After reminding myself of my priorities, I am now down with very few choices. I went thru these choices and I tried to wait, with each day seeming like weeks and months as this is something urgent. I have been waiting but the time promised to me, as I understood it, has passed. I don’t know if I felt discouraged, frustrated, or hopeless. I would like to take action and resolve the matter based on what I think is a wise decision. “Surely,” I thought, “I can make logical decisions about this matter.”
Then, during my Bible reading, I was reminded of 3 characters who needed to wait but did not.
Abraham and Sarah
In Genesis 15-16, the Lord promised Abraham an offspring. Abraham and Sarah waited, and waited, and waited. After living in Canaan for 10 years, Sarah was still barren. So they took matters in their own hands; they rushed God’s plan and tried to accomplish it in their own way and timing, in their own understanding. Sarah gave her maidservant, Hagar, to her husband. Just as they planned, Hagar conceived but disobedience always has its consequences. Hagar despised Sarah, Sarah blamed Abraham, Abraham avoided the responsibility and told Sarah to do whatever she thinks best, so Sarah mistreated Hagar, then Hagar ran away with her son.
This impatience only made things complicated and resulted in marital strife, strained relationships, confusion in resolving the problem. The promised offspring came 14 years after this incident. This shows that the Lord has His own perfect timing and His promise to Abraham did not depend on human strength.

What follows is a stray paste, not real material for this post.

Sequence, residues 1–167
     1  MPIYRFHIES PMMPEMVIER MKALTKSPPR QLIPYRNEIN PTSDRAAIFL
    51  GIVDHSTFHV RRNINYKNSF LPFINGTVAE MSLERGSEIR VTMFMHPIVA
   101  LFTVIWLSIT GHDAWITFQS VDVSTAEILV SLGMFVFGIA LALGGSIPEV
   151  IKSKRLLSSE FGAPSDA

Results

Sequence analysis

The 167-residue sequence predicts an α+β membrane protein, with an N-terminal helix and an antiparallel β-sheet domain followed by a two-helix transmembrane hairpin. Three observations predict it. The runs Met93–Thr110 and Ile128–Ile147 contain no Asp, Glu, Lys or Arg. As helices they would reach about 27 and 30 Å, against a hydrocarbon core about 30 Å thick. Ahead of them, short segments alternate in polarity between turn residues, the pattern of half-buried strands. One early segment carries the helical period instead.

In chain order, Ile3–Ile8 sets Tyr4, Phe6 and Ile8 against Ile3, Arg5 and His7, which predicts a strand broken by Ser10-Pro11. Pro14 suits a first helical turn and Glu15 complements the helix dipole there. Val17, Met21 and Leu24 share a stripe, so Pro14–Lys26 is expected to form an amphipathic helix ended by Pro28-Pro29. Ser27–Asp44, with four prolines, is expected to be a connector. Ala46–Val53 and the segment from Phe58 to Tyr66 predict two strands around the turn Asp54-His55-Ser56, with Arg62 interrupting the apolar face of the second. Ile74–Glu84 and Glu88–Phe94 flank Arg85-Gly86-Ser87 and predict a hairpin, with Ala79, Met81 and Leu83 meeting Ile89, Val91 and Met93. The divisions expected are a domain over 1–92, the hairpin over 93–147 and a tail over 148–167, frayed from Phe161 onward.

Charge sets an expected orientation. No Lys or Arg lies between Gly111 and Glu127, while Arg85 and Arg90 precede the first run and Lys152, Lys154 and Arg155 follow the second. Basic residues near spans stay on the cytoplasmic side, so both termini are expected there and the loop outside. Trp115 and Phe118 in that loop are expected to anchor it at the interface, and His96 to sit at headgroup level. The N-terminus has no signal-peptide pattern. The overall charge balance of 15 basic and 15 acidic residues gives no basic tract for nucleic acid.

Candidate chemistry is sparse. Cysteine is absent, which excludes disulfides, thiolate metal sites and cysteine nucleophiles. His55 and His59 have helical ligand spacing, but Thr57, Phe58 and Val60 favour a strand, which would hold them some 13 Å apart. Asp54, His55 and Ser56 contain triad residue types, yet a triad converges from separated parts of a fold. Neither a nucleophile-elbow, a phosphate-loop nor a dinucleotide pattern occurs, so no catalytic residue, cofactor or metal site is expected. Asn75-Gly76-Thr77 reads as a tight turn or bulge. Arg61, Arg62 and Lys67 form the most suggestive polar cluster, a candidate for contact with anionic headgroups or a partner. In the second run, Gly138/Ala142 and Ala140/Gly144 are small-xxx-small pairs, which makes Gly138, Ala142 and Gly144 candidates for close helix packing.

Another passage that really struck me was 1 Samuel 13. Israel went to war against the Philistines. With the Israelites having only 3,000 men versus the Philistines with 3,000 chariots, 6,000 charioteers and soldiers as numerous as the sand on the seashore, outnumbered is an understatement. The Israelite soldiers gathered together and waited for Samuel to arrive to make a burnt offering to God. Every day they waited increased the chance the Philistines would attack and Israel didn’t want to go to war without worshipping God. They waited and waited. Samuel said he would come in 7 days but he did not come and the men began to scatter. So Saul took matters in his own hands and made a burnt offering to the Lord even with clear instruction from Samuel to wait and clear instructions from the Lord to the Israelites that only priests or Levites were allowed to make offerings to Him. Just as he finished making the offering, Samuel arrived.
Saul tried to please God by disobeying Him. He made a decision based on the circumstance and the people around him, not on the clear instructions of the Lord, thus his kingdom did not endure.
It is difficult to wait and “do nothing” especially when we are already troubled or worried. Human as we are we tend to figure things out and take action based on our own understanding and knowledge. But the Lord is clear when He said that we should not be wise in our own eyes (Proverbs 3:7). He wants us to inquire of Him first in everything. And we inquire of Him not just for the sake of inquiring but with a heart of desiring to obey exactly what the Lord wants us to do.
Waiting is never an idle time or a waste of time if done with a right heart with the Lord. Waiting is a productive time of learning to depend on the Lord and not on our limited knowledge or strength. It is a time of fully trusting in the Lord and focusing on His character and faithfulness; being certain that He is the One in control [not us] and knowing that He is concerned even with the smallest details of our lives.